Supreme Court Justice Clarence Thomas has been feeling his oats lately thanks to the Dobbs v. Jackson ruling in June.
With the concurrence of the conservative majority, including Colorado’s own Neil Gorsuch, Thomas relishes the fact that they achieved the longtime goal of overturning Roe v. Wade. This exuberance from conservative members of the court could wreak havoc on liberties enjoyed by many in modern America.
The ruling was not a surprise since Republicans in Congress, state legislatures, church pulpits, and think tanks broadcasted for decades their desire to put the kibosh on a woman’s right to choose what she does with her body. Many socially conservative politicos want women’s reproductive health controlled by the government.
Luckily, that won’t happen in Colorado. Lawmakers voted to protect abortion rights by passing a measure signed by the governor last spring called the Reproductive Health Equity Act. However, Colorado and other states may have to address other basic human rights if the associate justice gets his way.
While Justice Samuel Alito wrote the court’s majority opinion that leaves abortion rights to the states, Thomas made sure to add his 2 cents in a separate concurrence.
It suggests that SCOTUS should at least consider doing the same with marriage equality, the right to contraceptives, and the ban on laws against private sexual acts.
Senators Michael Bennet and John Hickenlooper voted last week for the Respect for Marriage Act bill that’s designed to shore up both same-sex and interracial marriage. The final passage is expected after Thanksgiving.
Could a newly-minted law slow Thomas’ roll when the Supreme Court is the final arbiter of all laws?
The 74-year-old jurist is expected to take a far-right approach to an Affirmative Action case this session because he believes such programs carry the taint of racial preference and thus, by association, labels Black beneficiaries as inferior to white competitors.
An Affirmative Action student himself, he blamed this “taint theory” for his inability to get a job right after graduating Yale Law School.
Thomas is also leaning towards further eroding the 1965 Voting Rights Act whose opponents say must be diluted because race should never be taken into account to justify mid-century laws that are designed to improve the lives of Black Americans.
It makes one wonder, would this Black man with a white wife draw the line if the Christian right took aim at Loving v. Virginia.
The 1967 Landmark Supreme Court case sanctioned interracial marriage and sexual relations between people of different races.
Some argue that not even right-wing extremists want to give states, especially in the deep South, the chance to revive anti-miscegenation laws.
They must have forgotten that even so-called moderates were comfortable with the January 6 riot and White Nationalists imitating Nazis in Charlottesville, Virginia with chants of “Jews will not replace us.”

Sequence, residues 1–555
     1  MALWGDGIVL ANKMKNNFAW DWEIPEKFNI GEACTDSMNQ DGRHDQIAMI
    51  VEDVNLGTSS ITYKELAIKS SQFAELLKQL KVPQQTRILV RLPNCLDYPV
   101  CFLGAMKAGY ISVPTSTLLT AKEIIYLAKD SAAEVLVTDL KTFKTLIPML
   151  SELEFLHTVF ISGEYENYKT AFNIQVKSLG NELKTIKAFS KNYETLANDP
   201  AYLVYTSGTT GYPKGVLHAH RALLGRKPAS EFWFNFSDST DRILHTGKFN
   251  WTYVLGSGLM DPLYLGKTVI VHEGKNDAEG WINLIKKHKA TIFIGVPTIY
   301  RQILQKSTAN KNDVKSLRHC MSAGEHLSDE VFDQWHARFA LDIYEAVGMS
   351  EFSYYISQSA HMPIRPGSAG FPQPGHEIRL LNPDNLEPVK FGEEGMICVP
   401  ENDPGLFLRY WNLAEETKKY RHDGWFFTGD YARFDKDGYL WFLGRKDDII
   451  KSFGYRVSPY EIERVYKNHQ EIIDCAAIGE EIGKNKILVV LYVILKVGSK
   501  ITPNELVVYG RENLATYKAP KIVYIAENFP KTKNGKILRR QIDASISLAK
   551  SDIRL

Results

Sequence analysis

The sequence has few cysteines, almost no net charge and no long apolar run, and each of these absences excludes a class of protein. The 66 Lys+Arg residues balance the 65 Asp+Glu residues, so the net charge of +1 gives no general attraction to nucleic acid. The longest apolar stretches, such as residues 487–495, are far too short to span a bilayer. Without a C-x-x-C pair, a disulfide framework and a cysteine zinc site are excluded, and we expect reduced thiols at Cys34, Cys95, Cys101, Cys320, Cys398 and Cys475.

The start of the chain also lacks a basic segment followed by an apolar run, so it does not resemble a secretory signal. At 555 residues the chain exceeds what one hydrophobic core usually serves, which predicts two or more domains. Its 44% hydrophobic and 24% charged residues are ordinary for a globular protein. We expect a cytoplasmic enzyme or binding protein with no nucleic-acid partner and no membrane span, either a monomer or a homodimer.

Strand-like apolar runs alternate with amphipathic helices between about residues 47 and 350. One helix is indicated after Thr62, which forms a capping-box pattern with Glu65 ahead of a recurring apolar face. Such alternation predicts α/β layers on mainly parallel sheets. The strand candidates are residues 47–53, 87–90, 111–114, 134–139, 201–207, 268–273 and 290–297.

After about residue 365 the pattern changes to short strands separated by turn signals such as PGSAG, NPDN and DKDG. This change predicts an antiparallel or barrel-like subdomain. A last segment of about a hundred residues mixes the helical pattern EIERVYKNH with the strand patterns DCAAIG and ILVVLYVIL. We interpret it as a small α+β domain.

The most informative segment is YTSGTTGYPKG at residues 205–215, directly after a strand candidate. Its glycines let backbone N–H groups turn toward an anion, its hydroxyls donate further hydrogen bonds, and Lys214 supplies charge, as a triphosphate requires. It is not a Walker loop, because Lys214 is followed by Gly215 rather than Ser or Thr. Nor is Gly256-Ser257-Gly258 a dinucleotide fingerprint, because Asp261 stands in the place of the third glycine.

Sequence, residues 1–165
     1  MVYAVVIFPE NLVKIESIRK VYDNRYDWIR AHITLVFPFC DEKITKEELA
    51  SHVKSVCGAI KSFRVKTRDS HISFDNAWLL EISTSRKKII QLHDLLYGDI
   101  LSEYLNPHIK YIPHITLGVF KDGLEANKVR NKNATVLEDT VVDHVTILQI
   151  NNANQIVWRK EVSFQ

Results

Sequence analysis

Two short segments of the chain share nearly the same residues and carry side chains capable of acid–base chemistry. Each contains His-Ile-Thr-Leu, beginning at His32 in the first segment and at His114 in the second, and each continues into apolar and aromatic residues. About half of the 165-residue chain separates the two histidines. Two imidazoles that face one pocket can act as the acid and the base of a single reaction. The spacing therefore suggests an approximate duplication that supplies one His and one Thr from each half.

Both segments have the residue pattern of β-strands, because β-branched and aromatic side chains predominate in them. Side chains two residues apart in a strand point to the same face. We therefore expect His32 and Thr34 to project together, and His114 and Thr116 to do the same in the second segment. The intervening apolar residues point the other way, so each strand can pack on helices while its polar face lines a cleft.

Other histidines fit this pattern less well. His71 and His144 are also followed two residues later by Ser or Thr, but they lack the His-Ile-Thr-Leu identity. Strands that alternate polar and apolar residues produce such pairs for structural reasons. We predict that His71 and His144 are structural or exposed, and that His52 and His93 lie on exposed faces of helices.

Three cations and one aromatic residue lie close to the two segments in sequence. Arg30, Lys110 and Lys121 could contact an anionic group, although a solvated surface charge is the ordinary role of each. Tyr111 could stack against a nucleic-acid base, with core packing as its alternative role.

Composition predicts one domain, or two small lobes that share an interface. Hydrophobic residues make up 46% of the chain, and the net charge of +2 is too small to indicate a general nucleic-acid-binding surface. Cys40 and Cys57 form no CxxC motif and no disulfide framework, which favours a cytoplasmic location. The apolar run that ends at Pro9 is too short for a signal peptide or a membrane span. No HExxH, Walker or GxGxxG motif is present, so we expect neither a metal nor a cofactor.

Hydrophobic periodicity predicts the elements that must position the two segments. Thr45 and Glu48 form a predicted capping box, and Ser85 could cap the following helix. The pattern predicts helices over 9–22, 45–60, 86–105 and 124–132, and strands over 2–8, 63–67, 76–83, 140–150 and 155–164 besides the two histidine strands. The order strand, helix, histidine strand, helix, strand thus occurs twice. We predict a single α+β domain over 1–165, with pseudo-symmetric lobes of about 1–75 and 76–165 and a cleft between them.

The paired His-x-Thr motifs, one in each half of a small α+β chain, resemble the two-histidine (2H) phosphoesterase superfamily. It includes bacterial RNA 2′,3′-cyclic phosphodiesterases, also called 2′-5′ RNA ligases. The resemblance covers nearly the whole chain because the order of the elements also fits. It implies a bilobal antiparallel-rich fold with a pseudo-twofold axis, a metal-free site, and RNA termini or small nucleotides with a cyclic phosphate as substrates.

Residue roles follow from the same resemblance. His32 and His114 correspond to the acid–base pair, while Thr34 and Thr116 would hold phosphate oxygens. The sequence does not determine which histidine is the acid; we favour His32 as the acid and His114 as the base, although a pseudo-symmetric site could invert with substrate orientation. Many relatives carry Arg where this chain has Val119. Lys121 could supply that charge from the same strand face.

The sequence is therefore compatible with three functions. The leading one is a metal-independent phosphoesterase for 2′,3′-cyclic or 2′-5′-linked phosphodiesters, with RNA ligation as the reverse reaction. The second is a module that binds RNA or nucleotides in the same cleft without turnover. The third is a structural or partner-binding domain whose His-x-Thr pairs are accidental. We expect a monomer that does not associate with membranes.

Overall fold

That same acceptance may be tacitly fostering the recent spike in Coloradans feeling free to express hatred openly.
The FBI says reported hate crimes rose 68% in our state in 2020 with the vast majority targeting people of color.
A state coalition of nonprofits called Hate Free Colorado says three out of every ten Coloradans have experienced a hate crime in the last five years.
Remember, you don’t have to be physically assaulted or have a brick thrown through your window to be unnerved by people full of hate.
An older Black woman in Denver told me a few years agothat she refused to hold her white husband’s hand in public for fear of attracting unwanted attention during the reign of Donald Trump. This was the man she has loved for over 50 years of marriage.
Coloradans who believe in human rights must remain vigilant to ensure that what happened to Roe doesn’t happen to Loving.
Let’s hope that Clarence Thomas and his extreme right cohorts understand that their decision on Dobbs contributed to the low tide that was supposed to be a red wave for Republicans in the midterm elections.
Voters may have quelled, for now, nascent rumblings among racists for the high court to take a look at the decision that codified the union of Richard and Mildred Loving.
However, SCOTUS is not beholden to the electorate and can continue to implement an extreme agenda that could include striking down The Respect for Marriage Act if it becomes law; already conservative voices claim the act infringes on religious freedom.
And don’t forget, Clarence Thomas has the propensity to be self-hating when it serves the cause of right-wing extremism.
Jo Ann Allen hosts the podcast Been There Done That, which celebrates the 55th anniversary of Loving v. Virginia in the episode that publishes on Thanksgiving Eve at https//:beentheredonethatpodcast.com. She started her journalism career in 1975 at The Capital Times newspaper in Madison, WI. She spent 18 years as a news anchor at WNYC/New York Public Radio, and also worked as an anchor at KPBS Radio in San Diego, WHYY Radio in Philadelphia and Colorado Public Radio in Denver.
To send a letter to the editor about this article, submit online or check out our guidelines for how to submit by email or mail.
Source: Read Full Article